calcify

Have you ever felt
the sensation
of chalk
between
your fingers,

the way the
softened powder
rests within
the groves of skin?

You smooth
your hands together,
conjure clouds
of powdered air,

and I think of
how your love
feels just like
this ashen dust.

Your residue
once lingered
in the cracks
within my palms,

but I’ve let your love
be calcified—
to be taken
by the breeze.

5

photos by Nick Brandt that show an eerie lake in Africa turning animals into stone. Lake Natron in northern Tanzania is a death trap for birds and bats who appear to slam into it due to its surface’s extremely reflective nature. 

Temperatures in the lake can reach up to 60 °C (or 140 °F) and the water has an extremely high soda and salt content which causes “the creatures to calcify, perfectly preserved, as they dry.” Via

6

The lake takes its name from natron, a naturally occurring compound made mainly of sodium carbonate, with a bit of baking soda (sodium bicarbonate) thrown in. Here, this has come from volcanic ash, accumulated from the Great Rift valley. Animals that become immersed in the water die and are calcified.

"No one knows for certain exactly how they die, but it appears that the extreme reflective nature of the lake’s surface confuses them, and like birds crashing into plate glass windows, they crash into the lake."

(via geekologie)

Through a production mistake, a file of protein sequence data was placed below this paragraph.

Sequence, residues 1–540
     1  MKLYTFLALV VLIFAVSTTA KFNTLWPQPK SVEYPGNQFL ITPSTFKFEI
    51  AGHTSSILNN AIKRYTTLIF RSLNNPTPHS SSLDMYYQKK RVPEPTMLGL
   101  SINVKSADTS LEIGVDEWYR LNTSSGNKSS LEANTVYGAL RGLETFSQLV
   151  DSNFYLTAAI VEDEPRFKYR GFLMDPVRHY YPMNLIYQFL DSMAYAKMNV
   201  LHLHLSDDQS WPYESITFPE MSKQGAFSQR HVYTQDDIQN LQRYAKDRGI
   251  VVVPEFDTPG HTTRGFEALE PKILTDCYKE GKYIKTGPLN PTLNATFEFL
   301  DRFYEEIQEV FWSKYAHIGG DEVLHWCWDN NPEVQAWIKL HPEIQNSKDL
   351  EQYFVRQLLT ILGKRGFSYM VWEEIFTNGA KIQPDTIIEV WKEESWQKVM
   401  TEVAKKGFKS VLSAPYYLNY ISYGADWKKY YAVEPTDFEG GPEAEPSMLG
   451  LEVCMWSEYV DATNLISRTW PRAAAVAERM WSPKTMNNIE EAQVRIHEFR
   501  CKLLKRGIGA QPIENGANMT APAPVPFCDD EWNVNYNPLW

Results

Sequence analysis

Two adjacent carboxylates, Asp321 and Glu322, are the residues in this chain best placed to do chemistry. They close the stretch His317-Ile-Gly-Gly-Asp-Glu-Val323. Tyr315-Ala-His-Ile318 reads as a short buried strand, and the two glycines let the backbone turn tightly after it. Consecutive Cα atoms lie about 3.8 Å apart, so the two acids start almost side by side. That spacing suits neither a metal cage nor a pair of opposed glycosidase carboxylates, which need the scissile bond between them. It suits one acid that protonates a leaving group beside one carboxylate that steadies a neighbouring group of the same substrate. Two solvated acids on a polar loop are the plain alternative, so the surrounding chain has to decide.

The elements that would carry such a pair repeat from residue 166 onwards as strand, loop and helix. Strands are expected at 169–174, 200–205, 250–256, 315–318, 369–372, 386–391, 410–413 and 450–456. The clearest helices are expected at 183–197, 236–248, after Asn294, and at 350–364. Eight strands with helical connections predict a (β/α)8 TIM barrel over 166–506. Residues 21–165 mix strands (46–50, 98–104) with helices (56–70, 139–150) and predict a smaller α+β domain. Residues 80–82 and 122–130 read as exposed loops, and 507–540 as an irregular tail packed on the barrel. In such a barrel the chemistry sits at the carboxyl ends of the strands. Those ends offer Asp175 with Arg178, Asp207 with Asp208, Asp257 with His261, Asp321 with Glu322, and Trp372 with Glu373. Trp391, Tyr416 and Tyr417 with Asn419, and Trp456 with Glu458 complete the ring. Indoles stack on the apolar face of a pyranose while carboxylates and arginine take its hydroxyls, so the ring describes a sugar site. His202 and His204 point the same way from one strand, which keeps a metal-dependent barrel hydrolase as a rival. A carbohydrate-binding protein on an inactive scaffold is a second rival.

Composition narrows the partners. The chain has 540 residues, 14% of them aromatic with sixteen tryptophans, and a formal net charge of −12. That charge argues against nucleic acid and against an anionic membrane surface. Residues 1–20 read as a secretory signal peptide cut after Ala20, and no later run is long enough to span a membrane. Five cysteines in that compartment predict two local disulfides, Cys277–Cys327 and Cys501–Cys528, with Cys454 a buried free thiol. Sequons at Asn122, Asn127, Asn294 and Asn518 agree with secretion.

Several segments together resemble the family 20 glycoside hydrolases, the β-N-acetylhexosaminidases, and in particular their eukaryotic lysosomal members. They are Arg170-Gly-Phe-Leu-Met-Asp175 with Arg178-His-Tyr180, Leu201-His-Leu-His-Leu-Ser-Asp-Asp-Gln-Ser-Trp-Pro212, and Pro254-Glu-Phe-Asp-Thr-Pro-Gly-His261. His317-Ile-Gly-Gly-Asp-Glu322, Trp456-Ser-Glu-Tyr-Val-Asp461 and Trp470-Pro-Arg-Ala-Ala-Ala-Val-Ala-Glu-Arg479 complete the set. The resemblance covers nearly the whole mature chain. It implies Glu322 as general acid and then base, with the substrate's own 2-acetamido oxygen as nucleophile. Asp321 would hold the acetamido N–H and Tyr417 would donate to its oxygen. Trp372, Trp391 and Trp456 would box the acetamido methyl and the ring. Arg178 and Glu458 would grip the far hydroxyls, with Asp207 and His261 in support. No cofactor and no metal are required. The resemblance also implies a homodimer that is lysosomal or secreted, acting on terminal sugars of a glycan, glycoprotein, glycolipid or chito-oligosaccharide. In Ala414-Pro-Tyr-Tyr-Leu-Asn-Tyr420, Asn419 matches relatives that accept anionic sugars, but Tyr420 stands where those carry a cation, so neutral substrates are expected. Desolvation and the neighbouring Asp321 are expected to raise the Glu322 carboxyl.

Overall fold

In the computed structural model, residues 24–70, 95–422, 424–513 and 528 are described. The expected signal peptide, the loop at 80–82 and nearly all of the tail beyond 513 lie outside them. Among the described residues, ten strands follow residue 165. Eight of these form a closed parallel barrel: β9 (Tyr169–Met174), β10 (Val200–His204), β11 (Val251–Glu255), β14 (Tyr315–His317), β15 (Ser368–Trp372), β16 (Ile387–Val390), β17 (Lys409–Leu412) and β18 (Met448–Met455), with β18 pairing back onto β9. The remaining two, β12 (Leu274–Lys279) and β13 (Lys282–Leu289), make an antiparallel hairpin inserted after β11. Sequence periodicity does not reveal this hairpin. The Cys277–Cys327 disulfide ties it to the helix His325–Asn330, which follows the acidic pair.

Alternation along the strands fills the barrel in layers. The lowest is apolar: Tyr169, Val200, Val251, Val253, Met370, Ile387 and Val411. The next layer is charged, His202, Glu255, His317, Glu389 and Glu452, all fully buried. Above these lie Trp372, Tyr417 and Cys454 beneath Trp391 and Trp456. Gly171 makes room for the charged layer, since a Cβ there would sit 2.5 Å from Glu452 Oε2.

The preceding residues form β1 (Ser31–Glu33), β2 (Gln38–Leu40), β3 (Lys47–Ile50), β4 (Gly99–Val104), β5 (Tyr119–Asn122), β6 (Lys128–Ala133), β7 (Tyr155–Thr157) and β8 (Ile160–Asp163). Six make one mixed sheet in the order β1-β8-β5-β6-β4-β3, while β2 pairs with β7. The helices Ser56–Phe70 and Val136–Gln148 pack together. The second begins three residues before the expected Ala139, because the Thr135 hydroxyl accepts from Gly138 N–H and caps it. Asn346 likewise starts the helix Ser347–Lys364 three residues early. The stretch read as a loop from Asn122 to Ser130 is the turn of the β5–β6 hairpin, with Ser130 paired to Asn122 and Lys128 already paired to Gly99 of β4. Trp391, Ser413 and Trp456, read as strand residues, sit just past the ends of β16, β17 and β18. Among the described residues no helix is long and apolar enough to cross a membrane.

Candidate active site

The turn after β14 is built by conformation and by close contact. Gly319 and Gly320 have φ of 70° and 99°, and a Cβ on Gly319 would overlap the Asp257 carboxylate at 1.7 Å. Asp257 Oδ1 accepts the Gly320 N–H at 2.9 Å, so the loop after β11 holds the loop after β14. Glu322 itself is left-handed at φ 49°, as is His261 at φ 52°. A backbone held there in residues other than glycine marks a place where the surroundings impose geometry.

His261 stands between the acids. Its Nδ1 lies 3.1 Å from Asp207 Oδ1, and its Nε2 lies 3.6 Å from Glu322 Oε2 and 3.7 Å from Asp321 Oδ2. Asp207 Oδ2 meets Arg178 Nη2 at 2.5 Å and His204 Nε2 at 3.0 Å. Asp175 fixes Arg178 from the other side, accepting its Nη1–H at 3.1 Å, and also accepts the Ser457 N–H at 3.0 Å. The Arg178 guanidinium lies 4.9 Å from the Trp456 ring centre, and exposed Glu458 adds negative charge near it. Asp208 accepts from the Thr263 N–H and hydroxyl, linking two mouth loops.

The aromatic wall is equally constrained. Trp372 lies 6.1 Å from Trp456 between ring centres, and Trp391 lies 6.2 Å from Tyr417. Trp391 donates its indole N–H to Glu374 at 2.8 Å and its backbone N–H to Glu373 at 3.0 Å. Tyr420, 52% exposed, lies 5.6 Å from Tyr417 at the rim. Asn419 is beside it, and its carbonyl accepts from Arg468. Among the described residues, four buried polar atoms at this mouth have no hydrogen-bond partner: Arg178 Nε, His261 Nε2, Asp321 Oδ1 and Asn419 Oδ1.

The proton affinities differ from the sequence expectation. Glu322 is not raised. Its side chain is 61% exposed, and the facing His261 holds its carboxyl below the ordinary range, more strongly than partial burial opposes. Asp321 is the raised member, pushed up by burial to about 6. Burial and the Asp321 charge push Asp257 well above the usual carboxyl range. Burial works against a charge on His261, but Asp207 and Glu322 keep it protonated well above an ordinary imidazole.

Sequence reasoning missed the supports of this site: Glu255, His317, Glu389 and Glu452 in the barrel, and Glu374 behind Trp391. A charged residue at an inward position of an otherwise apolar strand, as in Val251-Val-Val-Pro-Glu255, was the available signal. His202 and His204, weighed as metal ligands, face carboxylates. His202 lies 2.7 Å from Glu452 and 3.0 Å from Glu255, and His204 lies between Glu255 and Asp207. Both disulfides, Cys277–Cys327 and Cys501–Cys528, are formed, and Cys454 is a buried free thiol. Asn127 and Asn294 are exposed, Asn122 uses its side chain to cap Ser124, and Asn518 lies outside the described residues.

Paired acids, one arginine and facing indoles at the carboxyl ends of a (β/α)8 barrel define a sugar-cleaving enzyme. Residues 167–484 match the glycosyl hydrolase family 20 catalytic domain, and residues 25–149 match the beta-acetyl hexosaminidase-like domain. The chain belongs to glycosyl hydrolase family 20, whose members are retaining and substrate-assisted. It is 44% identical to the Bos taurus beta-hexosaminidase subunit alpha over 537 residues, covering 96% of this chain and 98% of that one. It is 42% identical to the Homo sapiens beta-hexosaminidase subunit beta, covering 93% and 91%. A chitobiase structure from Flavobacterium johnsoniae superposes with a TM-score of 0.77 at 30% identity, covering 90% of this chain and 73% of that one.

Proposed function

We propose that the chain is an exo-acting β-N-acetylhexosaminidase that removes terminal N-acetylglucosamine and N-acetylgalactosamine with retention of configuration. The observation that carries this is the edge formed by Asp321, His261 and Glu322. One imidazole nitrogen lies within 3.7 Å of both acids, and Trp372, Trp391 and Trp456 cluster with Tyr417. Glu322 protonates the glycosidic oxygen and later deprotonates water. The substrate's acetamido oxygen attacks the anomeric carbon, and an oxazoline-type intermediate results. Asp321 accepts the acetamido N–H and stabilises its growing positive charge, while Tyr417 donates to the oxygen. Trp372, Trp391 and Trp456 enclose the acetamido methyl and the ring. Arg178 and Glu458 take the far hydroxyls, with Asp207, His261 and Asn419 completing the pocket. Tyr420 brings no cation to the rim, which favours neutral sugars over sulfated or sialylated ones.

6

Calcified animals found washed up on the shores of Lake Natron in Tanzania and posed as they would be found in real life. The animals become “calcified” as their bodies become encrusted in sodium carbonate or bicarbonate when the water level of the lake drops.

This deadly lake receives its harsh composition from the neighboring volcano, Ol Doinyo as alkali-rich natrocarbonatites from the volcano enter the rainwater run-off, polluting the water. There is no calcium in the lake, however there are inflowing freshwater channels that precipitate and mix with the high pH alkaline water which also contributes to its very unique composition. 

The systematic looting of language can be recognized by the tendency of its users to forgo its nuanced, complex, mid-wifery properties for menace and subjugation. Oppressive language does more than represent violence; it is violence; does more than represent the limits of knowledge; it limits knowledge. Whether it is obscuring state language or the faux-language of mindless media; whether it is the proud but calcified language of the academy or the commodity driven language of science; whether it is the malign language of law-without-ethics, or language designed for the estrangement of minorities, hiding its racist plunder in its literary cheek - it must be rejected, altered and exposed. It is the language that drinks blood, laps vulnerabilities, tucks its fascist boots under crinolines of respectability and patriotism as it moves relentlessly toward the bottom line and the bottomed-out mind. Sexist language, racist language, theistic language - all are typical of the policing languages of mastery, and cannot, do not permit new knowledge or encourage the mutual exchange of ideas.